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Following stroke, many patients experience a heightened tendency to cry. The aim of the present study was to provide a detailed description of this behavior and its accompaniments. Thirty stroke patients who had cried in the previous month were studied using a detailed structured clinical interview. There was a wide range of frequency of crying. The components of crying combine in a more complex and varied way than commonly held stereotyped views suggest. No distinct subtypes were identified. Further research is required to determine the relationship between emotionalism and the frequency and severity of symptoms of depression.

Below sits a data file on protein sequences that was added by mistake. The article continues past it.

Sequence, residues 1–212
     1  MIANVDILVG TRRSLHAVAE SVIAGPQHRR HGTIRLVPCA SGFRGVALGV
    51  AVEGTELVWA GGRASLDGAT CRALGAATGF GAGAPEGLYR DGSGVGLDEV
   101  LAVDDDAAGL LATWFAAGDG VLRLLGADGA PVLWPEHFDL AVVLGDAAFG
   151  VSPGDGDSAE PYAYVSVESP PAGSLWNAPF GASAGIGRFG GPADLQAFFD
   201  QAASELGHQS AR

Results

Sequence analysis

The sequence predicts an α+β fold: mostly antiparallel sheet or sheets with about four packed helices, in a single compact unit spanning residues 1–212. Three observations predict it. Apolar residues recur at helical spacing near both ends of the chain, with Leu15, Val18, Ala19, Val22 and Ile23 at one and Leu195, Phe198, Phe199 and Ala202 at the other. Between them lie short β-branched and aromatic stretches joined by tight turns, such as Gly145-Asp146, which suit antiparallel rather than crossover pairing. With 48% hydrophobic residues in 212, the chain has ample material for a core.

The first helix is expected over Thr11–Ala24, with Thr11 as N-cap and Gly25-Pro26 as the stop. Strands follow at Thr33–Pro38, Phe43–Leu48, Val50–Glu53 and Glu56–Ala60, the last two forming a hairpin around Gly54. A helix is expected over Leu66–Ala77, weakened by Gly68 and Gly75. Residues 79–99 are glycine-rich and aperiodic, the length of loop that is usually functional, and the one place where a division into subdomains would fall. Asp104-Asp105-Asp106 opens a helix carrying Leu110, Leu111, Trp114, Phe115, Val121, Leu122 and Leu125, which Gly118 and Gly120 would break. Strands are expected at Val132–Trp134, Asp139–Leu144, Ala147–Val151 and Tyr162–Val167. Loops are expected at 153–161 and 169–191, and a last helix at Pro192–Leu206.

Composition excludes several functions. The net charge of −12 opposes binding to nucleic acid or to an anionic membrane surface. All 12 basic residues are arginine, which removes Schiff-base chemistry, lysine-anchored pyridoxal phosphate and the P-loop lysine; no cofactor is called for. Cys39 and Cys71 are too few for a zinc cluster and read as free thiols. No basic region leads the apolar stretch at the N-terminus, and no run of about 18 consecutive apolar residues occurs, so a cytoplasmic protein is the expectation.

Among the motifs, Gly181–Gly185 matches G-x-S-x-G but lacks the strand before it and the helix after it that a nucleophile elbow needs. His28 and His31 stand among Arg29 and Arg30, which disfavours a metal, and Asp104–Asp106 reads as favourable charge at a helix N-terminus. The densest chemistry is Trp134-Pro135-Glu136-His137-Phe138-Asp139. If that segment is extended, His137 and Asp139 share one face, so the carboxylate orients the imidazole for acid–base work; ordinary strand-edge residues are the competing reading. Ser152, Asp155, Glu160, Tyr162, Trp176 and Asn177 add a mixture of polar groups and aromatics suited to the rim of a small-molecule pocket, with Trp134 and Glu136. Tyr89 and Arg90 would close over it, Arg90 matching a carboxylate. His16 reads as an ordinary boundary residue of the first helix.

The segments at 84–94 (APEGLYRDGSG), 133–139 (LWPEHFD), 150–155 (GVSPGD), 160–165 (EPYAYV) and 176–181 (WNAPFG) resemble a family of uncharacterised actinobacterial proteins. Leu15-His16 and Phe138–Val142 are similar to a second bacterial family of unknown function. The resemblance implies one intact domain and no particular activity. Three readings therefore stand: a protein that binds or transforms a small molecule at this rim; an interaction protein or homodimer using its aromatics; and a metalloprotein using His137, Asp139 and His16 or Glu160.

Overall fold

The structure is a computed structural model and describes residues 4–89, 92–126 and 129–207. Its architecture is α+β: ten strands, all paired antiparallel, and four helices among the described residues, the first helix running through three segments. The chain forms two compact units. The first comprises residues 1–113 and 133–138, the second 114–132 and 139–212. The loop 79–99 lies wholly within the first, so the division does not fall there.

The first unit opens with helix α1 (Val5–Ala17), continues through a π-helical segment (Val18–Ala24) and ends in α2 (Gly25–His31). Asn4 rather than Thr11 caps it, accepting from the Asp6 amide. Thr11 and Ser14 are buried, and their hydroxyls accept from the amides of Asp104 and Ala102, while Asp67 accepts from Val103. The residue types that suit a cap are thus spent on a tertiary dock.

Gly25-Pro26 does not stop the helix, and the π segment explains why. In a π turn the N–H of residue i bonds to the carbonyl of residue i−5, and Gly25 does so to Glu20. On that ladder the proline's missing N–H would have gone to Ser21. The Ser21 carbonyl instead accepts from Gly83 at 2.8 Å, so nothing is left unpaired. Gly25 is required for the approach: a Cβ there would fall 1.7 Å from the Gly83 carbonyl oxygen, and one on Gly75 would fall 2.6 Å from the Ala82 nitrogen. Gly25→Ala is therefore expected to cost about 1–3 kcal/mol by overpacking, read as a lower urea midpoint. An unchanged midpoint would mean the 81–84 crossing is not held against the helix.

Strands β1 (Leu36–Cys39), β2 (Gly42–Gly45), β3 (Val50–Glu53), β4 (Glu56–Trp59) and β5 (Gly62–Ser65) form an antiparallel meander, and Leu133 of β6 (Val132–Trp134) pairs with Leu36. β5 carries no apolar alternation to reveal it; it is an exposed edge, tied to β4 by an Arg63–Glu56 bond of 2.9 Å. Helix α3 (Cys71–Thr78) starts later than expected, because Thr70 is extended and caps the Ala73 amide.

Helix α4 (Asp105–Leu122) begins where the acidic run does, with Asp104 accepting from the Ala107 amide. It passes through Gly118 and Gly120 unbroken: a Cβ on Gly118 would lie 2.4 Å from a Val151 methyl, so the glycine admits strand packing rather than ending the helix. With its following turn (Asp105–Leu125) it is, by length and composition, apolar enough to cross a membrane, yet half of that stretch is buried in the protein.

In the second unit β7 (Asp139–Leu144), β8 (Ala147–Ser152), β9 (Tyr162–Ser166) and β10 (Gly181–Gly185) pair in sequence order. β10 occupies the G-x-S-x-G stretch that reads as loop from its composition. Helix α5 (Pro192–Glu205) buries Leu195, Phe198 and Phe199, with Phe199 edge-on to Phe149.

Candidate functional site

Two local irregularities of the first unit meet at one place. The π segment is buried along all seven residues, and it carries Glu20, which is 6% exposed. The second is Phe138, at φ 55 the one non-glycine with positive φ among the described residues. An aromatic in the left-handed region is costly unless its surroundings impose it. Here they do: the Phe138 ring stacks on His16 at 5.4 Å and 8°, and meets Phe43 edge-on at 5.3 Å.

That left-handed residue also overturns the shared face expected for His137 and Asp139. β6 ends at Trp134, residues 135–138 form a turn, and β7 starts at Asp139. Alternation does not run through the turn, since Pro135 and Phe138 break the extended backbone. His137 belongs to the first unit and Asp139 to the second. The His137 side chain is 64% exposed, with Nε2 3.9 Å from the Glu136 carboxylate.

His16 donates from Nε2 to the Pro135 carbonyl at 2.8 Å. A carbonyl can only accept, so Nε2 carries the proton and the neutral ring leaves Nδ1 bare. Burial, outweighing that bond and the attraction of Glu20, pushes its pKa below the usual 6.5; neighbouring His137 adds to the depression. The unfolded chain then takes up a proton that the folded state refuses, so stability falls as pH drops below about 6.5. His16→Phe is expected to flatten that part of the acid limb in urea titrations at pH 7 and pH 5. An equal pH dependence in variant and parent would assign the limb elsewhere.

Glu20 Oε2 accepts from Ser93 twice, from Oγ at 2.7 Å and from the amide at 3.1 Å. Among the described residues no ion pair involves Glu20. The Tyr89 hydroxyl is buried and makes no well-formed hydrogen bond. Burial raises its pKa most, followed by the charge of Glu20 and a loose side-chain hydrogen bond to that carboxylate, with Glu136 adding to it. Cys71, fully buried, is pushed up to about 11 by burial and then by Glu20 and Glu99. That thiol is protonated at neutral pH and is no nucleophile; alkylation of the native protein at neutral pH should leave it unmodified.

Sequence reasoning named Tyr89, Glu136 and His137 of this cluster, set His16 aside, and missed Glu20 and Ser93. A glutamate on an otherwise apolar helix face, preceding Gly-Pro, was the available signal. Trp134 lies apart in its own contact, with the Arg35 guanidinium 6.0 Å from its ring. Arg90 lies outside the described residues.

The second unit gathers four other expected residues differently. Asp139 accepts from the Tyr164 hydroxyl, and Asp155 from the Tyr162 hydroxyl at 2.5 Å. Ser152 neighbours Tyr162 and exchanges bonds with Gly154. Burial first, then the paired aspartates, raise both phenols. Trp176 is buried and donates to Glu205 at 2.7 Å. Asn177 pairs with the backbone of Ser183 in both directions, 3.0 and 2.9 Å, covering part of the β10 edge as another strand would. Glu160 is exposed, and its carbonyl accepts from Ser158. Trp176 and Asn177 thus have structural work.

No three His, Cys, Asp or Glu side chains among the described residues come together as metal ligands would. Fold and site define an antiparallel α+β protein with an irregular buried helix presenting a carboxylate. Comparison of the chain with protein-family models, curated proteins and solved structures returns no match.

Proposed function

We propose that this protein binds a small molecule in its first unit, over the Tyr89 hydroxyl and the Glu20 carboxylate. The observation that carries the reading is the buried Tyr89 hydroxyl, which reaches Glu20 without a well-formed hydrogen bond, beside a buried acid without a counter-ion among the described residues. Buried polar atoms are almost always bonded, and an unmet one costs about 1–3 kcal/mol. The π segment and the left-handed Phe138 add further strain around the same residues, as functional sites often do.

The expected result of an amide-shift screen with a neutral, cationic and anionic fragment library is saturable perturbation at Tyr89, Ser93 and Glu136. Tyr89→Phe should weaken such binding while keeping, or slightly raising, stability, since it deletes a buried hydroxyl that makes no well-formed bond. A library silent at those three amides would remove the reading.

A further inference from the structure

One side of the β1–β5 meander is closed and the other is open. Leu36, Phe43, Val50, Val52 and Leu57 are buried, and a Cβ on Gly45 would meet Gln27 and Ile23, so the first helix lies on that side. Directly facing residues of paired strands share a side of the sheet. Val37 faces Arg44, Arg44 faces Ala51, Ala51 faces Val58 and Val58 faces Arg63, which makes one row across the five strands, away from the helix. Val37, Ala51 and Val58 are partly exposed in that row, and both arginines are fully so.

Type

Journal article

Journal

Gen Hosp Psychiatry

Publication Date

09/1992

Volume

14

Pages

315 - 321

Keywords

Activities of Daily Living, Adult, Affect, Aged, Aged, 80 and over, Cerebrovascular Disorders, Crying, Female, Humans, Incidence, Interpersonal Relations, Interview, Psychological, Male, Middle Aged, Risk Factors, Severity of Illness Index